Job seekers probably have a better chance of hitting the lottery than getting hired at General Motors anytime soon. While that's the case for many OEMs, GM's Tom Thivierge, director of talent acquisition, tells us that resume activity at the automaker has doubled in the past year. "We're getting about 350,000 resumes every six months," says Thivierge, who seems remarkably calm for someone who has got to be up to his ears in paper. "GM is becoming a company of choice," he says. Though Thivierge says that the caliber of current job applicants is outstanding, GM will hire only about 1,000 employees in the coming year. A graduate with an engineering degree who makes the cut (those with a GPA of 3.8 or better out of 4.0) will start near $52k. They'll also pocket a signing bonus of $2 to $3k.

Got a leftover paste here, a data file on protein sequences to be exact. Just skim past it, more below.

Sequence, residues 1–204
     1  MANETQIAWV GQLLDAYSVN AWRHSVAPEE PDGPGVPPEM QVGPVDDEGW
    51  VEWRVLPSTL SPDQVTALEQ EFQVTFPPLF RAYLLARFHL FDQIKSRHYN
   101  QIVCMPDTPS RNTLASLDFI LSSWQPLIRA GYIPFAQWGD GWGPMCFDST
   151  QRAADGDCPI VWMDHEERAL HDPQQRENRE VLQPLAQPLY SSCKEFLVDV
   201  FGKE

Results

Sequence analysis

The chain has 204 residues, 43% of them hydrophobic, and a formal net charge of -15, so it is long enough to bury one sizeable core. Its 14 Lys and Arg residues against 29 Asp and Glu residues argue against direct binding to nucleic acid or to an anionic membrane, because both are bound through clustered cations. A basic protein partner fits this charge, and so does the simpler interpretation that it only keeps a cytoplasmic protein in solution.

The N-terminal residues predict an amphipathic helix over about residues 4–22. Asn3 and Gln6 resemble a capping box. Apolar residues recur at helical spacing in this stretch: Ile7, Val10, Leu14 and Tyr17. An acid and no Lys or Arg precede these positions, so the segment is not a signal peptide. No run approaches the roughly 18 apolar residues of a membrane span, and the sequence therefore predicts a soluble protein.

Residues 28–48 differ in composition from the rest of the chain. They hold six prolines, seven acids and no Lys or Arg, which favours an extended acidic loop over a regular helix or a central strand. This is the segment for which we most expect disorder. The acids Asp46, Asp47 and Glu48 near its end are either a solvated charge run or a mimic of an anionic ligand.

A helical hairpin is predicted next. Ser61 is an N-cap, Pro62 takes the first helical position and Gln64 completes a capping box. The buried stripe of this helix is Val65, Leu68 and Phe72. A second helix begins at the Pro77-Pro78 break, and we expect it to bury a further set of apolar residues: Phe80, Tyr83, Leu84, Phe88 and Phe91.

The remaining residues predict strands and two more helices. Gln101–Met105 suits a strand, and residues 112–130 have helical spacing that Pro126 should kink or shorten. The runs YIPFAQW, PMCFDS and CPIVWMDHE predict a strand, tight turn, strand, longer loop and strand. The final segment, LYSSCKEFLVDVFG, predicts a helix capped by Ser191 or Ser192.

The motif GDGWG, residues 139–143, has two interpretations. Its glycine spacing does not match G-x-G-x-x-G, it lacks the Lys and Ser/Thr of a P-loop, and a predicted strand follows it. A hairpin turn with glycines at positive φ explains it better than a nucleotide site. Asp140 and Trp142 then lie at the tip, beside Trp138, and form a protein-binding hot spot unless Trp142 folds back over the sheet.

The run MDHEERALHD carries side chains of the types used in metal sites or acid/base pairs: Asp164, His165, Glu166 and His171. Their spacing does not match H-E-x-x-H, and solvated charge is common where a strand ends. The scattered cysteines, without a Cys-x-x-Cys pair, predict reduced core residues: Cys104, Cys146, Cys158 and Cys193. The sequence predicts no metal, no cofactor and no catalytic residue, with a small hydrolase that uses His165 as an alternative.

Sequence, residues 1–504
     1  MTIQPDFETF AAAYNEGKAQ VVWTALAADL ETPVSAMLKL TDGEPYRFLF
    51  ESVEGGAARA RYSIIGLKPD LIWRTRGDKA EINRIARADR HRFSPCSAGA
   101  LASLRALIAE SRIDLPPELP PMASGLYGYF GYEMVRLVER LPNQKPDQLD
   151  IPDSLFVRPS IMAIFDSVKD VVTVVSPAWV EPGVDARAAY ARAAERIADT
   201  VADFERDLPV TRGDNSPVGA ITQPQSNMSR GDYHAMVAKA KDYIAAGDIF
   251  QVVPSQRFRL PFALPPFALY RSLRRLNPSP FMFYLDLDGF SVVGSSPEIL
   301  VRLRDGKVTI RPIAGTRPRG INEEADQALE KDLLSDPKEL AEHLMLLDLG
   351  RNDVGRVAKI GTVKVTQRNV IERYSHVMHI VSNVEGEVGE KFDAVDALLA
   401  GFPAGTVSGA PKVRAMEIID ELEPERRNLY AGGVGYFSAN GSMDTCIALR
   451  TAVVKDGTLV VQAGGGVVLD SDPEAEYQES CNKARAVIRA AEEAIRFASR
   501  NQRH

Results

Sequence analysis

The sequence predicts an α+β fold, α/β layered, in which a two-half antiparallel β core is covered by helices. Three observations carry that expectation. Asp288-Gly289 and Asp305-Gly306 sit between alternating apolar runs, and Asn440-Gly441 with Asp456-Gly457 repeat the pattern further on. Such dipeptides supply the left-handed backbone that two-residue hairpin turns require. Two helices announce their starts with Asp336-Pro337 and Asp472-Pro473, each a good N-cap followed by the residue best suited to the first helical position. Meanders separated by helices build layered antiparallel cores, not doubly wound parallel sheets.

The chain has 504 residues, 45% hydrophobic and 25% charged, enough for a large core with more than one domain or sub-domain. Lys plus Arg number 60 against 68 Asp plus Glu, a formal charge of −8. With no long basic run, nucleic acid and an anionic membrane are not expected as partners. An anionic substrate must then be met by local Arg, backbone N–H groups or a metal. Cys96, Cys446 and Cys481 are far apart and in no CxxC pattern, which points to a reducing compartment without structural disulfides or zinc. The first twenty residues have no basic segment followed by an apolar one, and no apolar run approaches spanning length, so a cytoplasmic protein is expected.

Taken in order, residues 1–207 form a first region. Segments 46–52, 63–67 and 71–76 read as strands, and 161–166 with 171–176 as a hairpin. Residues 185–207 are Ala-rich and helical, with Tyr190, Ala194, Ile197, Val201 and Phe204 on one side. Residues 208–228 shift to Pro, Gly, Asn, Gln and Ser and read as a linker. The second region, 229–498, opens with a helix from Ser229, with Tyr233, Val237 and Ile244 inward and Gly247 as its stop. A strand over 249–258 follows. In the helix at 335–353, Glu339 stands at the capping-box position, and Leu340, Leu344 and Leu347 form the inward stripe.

Researchers have been working on a number of alternative chemistries to lithium-ion for next-gen batteries, silicon-air among them. However, while the technology has been viewed as promising and cost-effective, to date researchers haven’t managed to develop a battery of this chemistry with a viable running time -- until now.
Norway-based additive manufacturing company Norsk Titanium is building what it says is the first industrial-scale 3D printing plant in the world for making aerospace-grade metal components. The New York state plant will produce 400 metric tons each year of aerospace-grade, structural titanium parts.
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